Friday, March 26, 2010

New Trees Under Attack?

A week or so ago, I lauded the Crow Hill Community Association for their successful campaign to bring more trees to Franklin Avenue. Street trees make a huge impact on communities, in ways both obvious and subtle, and it's worth recounting them here:

1. Traffic (both vehicular and pedestrian): Street trees make an enormous contribution to safer, more lively streets. They narrow sight lines and slow traffic down (reducing accidents and close calls), while simultaneous acting as a buffer between cars and pedestrians (as well as a buffer for traffic noise). Slower traffic and a sense of separation from it, along with the obvious benefits of shade and beauty, encourages pedestrian traffic, which in turn boosts local merchant revenues and makes streets safer (peopled streets are safe streets).

2. Quality of life: The NYC Parks Department did the math a few years ago and concluded that for every dollar they spend on street trees, New Yorkers derive $5.60 worth of benefits. Along with reducing noise, providing shade, and beautifying a street, trees moderate weather, blocking wind and rain and acting as enormous air conditioners in the summer (the USDA equates the daily cooling impact of one healthy young tree with 10 room-sized AC units going full blast for 20 hours). Trees also improve air quality (no surprise there), attract songbirds, and have even been shown to reduce stress with their mere presence.

3. Economic and environmental benefit (because at this point, we should realize that the two walk hand in hand). I already mentioned the value of increased street traffic to local businesses. Trees also significantly reduce energy use & heating and cooling costs and increase both residential and commercial property values (are trees gentrifiers? We'll return to this in a moment). They also absorb and process stormwater without dumping it into NYC combined sewers, which saves the city real money in processing costs and overflow fines from the EPA and keeps those enormous puddles from forming at every intersection.

Ultimately, the benefits of trees aren't that surprising, and their correlation with NYC's nicer neighborhoods is fairly obvious. Just walk west on any of the side streets or places that cross Franklin, and watch how verdant things get as you approach Flatbush. To my mind, street trees are as close as you can get to an unqualified good thing, which why I was horrified to receive the following email from a local resident, who signed his email "Bummed on Sterling":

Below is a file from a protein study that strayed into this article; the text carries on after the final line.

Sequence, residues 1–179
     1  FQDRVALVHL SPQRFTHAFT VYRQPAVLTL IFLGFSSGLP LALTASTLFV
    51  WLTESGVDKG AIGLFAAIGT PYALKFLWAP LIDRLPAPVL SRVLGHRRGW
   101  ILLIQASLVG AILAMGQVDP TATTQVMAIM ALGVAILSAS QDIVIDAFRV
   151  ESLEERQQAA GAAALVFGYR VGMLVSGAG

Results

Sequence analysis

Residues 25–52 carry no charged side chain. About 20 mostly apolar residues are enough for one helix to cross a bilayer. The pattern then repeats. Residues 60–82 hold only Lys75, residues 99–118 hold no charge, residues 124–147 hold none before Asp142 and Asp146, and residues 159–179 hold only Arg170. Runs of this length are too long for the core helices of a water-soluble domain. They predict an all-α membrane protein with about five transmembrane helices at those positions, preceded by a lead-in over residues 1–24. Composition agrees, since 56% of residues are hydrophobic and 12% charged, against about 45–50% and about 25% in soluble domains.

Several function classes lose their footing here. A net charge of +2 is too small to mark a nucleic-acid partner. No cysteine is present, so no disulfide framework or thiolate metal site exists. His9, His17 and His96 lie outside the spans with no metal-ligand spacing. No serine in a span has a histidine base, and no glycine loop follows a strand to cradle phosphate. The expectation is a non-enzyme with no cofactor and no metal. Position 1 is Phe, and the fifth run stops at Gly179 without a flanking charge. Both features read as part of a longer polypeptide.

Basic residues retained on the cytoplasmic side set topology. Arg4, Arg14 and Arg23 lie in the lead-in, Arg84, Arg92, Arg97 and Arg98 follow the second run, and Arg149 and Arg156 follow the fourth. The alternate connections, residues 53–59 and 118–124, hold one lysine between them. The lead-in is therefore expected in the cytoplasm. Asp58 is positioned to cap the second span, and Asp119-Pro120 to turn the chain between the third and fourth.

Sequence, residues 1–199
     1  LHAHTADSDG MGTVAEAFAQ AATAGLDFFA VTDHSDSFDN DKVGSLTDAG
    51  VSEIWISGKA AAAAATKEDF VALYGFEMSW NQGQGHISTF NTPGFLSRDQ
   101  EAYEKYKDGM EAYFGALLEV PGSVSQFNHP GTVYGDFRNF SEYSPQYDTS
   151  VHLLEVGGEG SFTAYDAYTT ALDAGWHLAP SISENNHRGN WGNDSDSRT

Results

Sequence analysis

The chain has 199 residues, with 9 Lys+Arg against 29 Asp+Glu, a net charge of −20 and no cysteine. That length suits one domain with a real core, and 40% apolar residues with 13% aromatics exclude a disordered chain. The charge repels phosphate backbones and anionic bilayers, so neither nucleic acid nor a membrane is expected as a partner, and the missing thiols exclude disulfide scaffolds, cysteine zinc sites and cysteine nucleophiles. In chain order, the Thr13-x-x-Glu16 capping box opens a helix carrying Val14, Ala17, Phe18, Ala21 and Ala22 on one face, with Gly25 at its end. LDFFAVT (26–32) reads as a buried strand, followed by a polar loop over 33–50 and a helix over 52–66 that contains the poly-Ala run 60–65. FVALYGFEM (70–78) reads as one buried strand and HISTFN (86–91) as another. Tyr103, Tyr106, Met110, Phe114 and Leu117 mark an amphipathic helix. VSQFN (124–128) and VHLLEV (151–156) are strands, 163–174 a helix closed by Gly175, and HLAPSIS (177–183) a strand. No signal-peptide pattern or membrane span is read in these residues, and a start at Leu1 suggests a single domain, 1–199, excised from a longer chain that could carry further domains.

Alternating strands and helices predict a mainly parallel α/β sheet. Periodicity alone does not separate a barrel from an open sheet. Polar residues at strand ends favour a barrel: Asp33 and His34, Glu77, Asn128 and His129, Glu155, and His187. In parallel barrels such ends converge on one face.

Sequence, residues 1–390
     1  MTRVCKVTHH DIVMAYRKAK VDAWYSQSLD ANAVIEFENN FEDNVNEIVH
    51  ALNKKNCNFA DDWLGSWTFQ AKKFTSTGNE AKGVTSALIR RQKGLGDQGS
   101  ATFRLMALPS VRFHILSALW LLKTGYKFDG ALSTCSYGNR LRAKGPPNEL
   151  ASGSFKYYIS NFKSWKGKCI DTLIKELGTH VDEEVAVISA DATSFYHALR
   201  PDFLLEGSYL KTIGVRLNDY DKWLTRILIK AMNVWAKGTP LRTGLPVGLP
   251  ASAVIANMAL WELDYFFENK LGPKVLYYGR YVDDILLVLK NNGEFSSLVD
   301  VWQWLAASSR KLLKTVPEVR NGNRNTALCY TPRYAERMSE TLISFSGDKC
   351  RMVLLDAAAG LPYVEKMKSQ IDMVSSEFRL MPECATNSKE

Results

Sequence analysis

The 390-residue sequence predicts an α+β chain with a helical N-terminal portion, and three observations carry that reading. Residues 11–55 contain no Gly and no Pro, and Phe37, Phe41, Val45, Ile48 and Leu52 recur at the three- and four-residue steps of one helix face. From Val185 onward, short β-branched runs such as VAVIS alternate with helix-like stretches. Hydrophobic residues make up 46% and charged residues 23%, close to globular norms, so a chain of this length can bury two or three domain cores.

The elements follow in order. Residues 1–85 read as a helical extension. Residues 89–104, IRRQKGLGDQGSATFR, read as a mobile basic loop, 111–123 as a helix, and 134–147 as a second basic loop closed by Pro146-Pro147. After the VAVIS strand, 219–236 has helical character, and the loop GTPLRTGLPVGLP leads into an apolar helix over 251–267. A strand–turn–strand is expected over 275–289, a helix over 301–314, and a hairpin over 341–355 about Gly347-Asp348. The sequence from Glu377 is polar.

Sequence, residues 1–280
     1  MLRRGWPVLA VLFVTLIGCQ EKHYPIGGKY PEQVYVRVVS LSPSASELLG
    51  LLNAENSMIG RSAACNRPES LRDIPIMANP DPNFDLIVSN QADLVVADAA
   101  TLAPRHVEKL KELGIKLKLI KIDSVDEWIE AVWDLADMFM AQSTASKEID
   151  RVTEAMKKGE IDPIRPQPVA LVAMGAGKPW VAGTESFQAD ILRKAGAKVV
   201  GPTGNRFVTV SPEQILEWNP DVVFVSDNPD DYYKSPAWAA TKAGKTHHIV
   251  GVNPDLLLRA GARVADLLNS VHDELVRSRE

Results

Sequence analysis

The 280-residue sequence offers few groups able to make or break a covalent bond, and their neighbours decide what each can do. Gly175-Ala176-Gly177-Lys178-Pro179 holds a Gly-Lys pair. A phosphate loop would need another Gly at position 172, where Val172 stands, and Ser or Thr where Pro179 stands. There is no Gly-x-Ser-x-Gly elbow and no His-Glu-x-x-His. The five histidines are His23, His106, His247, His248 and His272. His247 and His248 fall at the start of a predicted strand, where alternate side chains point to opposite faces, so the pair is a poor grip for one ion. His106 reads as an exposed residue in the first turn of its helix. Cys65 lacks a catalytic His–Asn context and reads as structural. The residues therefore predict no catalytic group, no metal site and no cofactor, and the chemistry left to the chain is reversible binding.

There is a mentally unstable guy walking around breaking branches off of the young street trees. I caught him in the act on my tree, but it was too late for the rest of my block (sterling btw bedford and franklin) Really really sad, as i've waited 2 years to get the tree. Anyway, i alerted the cops. But if people want to keep a lookout for this guy who is destroying the trees.

Now, this sounds like a fairly isolated incident, albeit a rather devastating one (something tells me NYC Parks aren't necessarily going to come out and replace destroyed trees unless they feel the trees will survive). However, it reminded me of a story a longtime resident told me last summer about earlier attempts at economic revitalization on the Avenue. As they recalled, a whole slew of trees were planted one day, only to be felled by a furious resident with power tools who declared "we don't need their trees on Franklin." Trees, like anything else that ups property values, are forces of gentrification in their own way, and there are apparently a few rare individuals who find them problematic as such. (Granted, it sounds like we're talking about two rather disturbed individuals here, but the sentiment remains genuine, even if its expression is pretty far out in the deep end.)

I don't really know how to wrap this up, except to say to anyone who might be inclined, PLEASE DON'T DESTROY THE NEW TREES!


  1. that makes me really sad. if the contractors that planted the trees can show that they've been physically damaged in their first year of being in the ground they don't have to replace them, which means that we have to wait for another tree from the city or live with a dead or dying one.

    also, killing a city tree is a crime! it's called arboricide. and that's a fact!

  2. I implore folks living on the block to call 311 to request replacement trees! Badger the city to let them know we want trees!

  3. Full thread about this on Brooklynian. Call 311.